The Bus

Amidst crowds of passengers from France, Morocco, and elsewhere in Africa, there is a seat for young Fatima, the only daughter of Aisha, who has been waiting for her daughter at the bus station in Marrakech for five years. But Fatima is invisible on the bus.


Current Obligations

Raze a house, and you rip out all the things it held: every cross or kind word uttered... every happy face superimposed in fat red crayon over tulip-patterned wallpaper. You suck out all traces of steam left from hot bowls of oatmeal, silence the... words whispered in a dying man’s last days.

The Common logo (black box) in between POETRY and FEATURE, in white print on a light green background

May 2018 Poetry Feature

The mummy unwound her bandages, inserted her organs, false eyes, and went out for a bite. They make lovely spinach gnocchi at Jimmy’s, she thought, and headed toward the river. / The sky was porcine, fat and pink. She wore a cardigan, sandals, and scratchy socks.

The towers of Church Saint-Sulpice.

Paris, April 7, 2018 Saturday

Perhaps I should first explain the Place St. Sulpice. It’s dominated by a huge, hulking church on the east side named St. Sulpice. It’s heavy and solid and will last until the end of time, but it has no grace at all. There are two tall towers on the left and right of its facade. They are of no great distinction except that they are the tallest buildings in the immediate neighborhood.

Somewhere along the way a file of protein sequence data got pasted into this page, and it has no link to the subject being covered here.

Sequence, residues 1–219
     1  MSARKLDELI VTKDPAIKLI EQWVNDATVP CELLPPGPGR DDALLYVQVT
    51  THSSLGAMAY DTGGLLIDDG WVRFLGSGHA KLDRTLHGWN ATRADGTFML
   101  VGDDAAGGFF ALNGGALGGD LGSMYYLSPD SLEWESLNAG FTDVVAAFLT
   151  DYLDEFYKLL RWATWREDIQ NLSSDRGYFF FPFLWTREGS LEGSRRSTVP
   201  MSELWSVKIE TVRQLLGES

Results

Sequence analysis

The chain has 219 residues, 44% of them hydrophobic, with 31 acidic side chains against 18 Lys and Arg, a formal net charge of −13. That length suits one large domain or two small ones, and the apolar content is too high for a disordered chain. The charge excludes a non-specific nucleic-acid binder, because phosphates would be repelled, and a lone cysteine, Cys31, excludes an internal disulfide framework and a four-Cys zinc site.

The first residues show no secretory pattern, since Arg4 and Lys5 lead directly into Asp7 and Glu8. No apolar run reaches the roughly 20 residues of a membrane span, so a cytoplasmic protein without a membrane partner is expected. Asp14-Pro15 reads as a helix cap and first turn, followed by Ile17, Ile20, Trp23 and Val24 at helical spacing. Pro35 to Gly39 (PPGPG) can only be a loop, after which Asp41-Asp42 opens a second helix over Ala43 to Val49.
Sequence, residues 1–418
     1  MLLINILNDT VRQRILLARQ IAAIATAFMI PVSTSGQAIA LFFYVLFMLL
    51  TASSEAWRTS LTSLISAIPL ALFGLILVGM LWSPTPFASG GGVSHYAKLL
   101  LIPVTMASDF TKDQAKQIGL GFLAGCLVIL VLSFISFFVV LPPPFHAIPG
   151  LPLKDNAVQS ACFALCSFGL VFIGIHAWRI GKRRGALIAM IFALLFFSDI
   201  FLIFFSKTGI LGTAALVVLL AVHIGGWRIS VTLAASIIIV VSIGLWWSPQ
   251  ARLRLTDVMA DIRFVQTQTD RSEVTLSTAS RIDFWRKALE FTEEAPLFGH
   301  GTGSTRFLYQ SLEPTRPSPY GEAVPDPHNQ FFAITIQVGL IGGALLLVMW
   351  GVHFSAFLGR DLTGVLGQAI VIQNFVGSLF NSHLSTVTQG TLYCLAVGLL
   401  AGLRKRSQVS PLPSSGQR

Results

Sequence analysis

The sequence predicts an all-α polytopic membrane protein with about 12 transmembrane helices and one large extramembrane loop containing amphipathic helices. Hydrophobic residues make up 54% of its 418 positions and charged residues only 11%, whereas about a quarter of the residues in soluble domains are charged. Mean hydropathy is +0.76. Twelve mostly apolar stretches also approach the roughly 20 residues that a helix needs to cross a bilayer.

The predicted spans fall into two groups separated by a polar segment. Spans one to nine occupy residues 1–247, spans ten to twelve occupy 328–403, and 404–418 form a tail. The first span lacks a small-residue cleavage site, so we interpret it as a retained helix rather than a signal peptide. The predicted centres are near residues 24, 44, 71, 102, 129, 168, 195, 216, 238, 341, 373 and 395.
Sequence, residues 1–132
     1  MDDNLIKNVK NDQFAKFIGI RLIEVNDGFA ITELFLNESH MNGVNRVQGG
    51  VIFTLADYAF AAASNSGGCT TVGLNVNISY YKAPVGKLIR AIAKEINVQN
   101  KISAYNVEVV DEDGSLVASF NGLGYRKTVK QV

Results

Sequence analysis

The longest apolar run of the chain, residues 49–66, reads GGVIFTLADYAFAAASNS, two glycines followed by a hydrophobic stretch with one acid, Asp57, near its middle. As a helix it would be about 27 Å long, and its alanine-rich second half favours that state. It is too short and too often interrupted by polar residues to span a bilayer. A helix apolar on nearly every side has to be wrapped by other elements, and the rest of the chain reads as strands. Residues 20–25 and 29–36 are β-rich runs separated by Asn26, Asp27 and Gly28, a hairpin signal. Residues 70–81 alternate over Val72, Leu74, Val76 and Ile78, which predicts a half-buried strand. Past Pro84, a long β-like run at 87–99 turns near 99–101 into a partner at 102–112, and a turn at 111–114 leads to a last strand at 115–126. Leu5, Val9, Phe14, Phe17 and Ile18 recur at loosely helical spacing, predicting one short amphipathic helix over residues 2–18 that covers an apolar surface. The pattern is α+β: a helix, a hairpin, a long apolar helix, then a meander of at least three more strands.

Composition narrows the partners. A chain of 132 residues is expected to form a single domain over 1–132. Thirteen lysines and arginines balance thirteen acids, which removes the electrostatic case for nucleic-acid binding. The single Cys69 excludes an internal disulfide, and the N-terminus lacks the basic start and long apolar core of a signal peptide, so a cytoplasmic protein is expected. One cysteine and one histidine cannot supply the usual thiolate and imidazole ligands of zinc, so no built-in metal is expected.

Tram 83

Review: Tram 83

Today, more than fifty years after Congo’s independence from the Belgians, I wondered: where is that shadow of the past that Hochschild speaks of? According to the bold, genre-bending Tram 83, that shadow, born of greed and unbridled self-interest a century ago, still hovers over Congo.

Using The Common in my first-year seminars has been fun, fruitful, and helpfully startling for these classes.”

—Martha Cooley, Associate Professor of English, Adelphi University

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